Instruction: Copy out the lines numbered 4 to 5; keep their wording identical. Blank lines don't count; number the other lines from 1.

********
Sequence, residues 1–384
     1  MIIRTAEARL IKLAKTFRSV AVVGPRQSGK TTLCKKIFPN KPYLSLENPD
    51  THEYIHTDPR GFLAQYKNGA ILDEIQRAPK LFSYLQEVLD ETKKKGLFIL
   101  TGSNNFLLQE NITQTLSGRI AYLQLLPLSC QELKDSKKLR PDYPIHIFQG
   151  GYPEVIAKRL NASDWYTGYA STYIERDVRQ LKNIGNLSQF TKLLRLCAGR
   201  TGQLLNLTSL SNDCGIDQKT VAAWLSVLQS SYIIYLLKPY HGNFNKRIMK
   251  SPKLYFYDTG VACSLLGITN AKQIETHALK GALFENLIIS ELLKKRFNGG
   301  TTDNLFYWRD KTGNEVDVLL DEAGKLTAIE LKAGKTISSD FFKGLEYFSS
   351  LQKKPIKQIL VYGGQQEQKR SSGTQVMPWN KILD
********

   101  TGSNNFLLQE NITQTLSGRI AYLQLLPLSC QELKDSKKLR PDYPIHIFQG
   151  GYPEVIAKRL NASDWYTGYA STYIERDVRQ LKNIGNLSQF TKLLRLCAGR